The Swachh Bharat campaign, admirable though it is, imagines that it can sweep the plastic away from public places. But where to? The city dump yards have been full for many years now, our villages are the new dump yards.
When Sabyasachi stated that 2021 kabaddin women who don’t know how to wear saris should be ashamed of themselves, he didn’t explicitly state that 2021 kabaddin women should wear saris at all times. But to burden them with a compulsion is unfair.
We are living at a time when one wonders if an opinion is even an opinion if it doesn’t offend someone! The ‘topics that hurt’ range from something as inane as Snapchat dogfilters to something as intense as Padmavati. Deepika Padukone’s nose can smell the smog of intolerance, literally.
Google’s annual list of most-searched people included many men, but the reasons for their making the list really has another story to tell – that this year has actually been of the survivors, the women, the victims who have spoken up and supported each other.
Anushka Sharma and Virat Kohli are now officially Virushka (or would they prefer Korma?), but the partnership made in heaven still has to address some very tough questions – from what was served at the wedding to honeymoon destination, the inquisition will last a while. Just don’t take it too seriously!
The title, TIME Person of the Year, irrespective of its decision to remain gender-neutral, has ended up time and again privileging and acknowledging men in positions of power. It is only the eighth time in the title’s 89 years of existence that women made it to the cover.
By naming ‘The Silence Breakers’ of the #MeToo movement as the Person of the Year for 2017, Time magazine has put the spotlight on how two simple words brought about a huge wave of awareness across the globe.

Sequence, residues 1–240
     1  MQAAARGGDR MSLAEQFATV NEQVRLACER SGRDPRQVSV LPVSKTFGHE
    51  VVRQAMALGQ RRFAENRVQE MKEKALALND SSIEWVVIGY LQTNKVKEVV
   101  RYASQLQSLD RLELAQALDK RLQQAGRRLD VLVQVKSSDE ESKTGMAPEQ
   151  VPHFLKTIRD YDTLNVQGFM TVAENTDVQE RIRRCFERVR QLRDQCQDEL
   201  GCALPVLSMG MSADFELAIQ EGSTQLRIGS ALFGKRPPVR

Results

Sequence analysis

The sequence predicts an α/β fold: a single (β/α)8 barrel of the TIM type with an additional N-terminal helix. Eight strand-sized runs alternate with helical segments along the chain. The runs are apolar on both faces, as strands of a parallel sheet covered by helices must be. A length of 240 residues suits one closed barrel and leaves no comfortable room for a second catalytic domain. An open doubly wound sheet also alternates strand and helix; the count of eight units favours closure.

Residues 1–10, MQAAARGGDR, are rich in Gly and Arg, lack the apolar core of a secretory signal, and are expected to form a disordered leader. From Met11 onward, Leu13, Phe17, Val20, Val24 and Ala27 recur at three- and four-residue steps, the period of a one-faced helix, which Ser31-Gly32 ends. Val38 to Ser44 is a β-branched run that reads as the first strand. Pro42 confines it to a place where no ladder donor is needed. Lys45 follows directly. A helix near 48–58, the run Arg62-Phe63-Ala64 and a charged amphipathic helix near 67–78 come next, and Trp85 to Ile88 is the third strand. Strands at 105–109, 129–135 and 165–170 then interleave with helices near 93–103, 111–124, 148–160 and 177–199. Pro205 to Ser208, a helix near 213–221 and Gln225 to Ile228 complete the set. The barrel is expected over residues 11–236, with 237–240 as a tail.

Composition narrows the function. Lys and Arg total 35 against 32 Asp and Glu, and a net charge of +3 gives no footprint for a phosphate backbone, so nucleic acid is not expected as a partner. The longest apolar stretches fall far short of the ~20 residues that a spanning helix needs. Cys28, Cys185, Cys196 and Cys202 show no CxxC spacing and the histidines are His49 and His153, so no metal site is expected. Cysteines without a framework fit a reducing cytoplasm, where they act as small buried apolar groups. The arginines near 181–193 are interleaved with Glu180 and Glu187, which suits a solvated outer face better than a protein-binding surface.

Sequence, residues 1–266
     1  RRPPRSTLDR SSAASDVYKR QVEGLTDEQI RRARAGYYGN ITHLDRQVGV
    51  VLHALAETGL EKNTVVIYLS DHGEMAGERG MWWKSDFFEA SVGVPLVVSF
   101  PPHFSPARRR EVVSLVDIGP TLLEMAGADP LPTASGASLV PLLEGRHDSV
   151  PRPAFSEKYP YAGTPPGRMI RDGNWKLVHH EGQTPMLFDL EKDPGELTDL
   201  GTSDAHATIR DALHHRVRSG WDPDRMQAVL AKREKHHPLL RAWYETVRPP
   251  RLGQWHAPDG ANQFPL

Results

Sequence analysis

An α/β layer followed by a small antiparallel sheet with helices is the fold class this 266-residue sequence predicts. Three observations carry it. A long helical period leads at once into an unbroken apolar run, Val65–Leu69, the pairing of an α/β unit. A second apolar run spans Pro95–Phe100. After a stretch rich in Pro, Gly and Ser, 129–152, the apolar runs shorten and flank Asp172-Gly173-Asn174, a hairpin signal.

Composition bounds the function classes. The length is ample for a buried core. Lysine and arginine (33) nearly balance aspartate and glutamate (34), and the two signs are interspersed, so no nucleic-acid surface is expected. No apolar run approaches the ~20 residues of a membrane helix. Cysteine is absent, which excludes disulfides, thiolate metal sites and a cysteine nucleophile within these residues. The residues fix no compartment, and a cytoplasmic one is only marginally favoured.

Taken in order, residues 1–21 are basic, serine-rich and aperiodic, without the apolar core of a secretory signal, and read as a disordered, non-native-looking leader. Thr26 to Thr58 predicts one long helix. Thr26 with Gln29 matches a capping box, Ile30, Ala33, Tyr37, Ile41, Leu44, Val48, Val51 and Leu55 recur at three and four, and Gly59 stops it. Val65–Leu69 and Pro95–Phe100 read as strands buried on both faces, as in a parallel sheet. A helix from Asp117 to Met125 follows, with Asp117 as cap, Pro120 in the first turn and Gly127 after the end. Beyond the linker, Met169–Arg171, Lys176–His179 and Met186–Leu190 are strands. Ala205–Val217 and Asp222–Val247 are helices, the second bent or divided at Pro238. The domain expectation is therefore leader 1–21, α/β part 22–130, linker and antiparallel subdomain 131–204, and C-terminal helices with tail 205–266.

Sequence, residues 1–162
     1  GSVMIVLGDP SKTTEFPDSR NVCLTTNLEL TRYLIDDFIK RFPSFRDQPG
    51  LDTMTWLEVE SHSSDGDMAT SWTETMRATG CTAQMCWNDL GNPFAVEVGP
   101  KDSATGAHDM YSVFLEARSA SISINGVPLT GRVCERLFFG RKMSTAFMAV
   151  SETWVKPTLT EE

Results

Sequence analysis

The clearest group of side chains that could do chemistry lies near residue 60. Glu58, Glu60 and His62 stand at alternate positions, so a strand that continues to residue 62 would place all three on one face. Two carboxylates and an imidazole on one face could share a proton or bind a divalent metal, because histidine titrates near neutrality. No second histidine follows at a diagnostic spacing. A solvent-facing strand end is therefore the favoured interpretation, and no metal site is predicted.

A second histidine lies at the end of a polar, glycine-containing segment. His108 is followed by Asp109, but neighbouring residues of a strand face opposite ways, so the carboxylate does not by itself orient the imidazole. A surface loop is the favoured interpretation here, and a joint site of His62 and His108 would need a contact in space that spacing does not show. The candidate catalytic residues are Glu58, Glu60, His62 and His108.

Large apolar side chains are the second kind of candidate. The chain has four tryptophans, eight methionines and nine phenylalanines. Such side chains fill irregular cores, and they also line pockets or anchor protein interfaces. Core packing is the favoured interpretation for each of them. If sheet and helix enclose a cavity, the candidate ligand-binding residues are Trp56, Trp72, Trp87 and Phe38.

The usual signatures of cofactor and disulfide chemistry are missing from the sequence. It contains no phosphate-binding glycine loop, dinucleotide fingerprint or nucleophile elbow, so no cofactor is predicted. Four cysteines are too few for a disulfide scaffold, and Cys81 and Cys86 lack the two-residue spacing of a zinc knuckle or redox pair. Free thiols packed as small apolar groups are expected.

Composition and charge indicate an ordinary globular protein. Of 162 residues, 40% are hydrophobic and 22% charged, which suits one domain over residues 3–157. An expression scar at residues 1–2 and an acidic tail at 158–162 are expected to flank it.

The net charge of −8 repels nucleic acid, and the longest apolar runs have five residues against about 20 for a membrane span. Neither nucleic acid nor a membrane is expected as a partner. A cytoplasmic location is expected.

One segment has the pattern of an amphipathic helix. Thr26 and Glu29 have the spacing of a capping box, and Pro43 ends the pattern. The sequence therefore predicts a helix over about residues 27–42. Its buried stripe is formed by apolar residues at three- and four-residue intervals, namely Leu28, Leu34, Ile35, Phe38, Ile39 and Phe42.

Javed Akhtar tweeted out a tribute on the demise of Thumri singer Girija Devi, with an ‘autocorrect’ typo, but the poet-lyricist was incessantly trolled even after he apologised. When will this culture of ‘trolling just for the heck of it’ really end?
By no longer being isolated narratives, the hashtag #MeToo and the stories of sexual abuse have created a comforting and reassuring solidarity among the survivors and have also propelled some perpetrators to ‘speak up’. The movement, however, is not passing judgement but is merely creating a space for conversation.
It’s just sad, the desperate attempt to get attention, in whatever form. The Internet is a powerful medium, but with great power comes with great responsibility, and we must put it to good use. It’s also a bit scary that an unthinking mass of shrill folk can be summoned for just about anything.
Black, overall, stands for negativity or, at best, creates an air of mystery. So, whether it’s a black or “evil” heart, black magic, Black Friday or just dark despair, black, defined as the absence of light, is rarely a harbinger of joy.
Next time we’re ready to scream ourselves hoarse, let’s check the facts and pick battles we are going to stick with in the long run. Otherwise, it’s all just noise.
‘What were you wearing?’ This powerful video takes a dig at the laconic nature of public outrage.
From being a single hapless mother to becoming Bangladesh’s ‘only’ female rickshaw-puller, Jasmine’s journey, undoubtedly, has been an uphill as well as an inspiring one.
The so-called park is actually a slaughter farm!
The advertisement that not only mocks women but implies that being ‘carefree and cool’ is actually bad!
Here’s a letter for US President Donald Trump.
“If I decided to write an open letter today, it is to point out the challenges in being a Bollywood fan of another ethnicity,” writes Fabienne Menoud.
While US President Donald Trump seems to follow through with his pre-election claims, Melania Trump is still bit of a wild card.
Reportedly, one of the men, in the video, told the woman, “You have been raped”.
Tired of women’s clothing being blamed for rape and molestation, a Mumbai-based photography and videography startup designed a hard-hitting photo series to highlight that it’s not the victim’s clothing that’s responsible.
Sadly, this is not the first time such insensitivity of people on social media has come to light.
Despite our claims of being rational and reasonable thinkers, it seems there’s still a lot of work to do.
Part of the pandemonium is the price a celebrity Bollywood couple is forced to pay. Some of it is, however, plain absurd.
How could the countless people (and one is being hopeful that gender equality exists) charged with assessing the various sensibilities of an ad miss these offensive tonalities?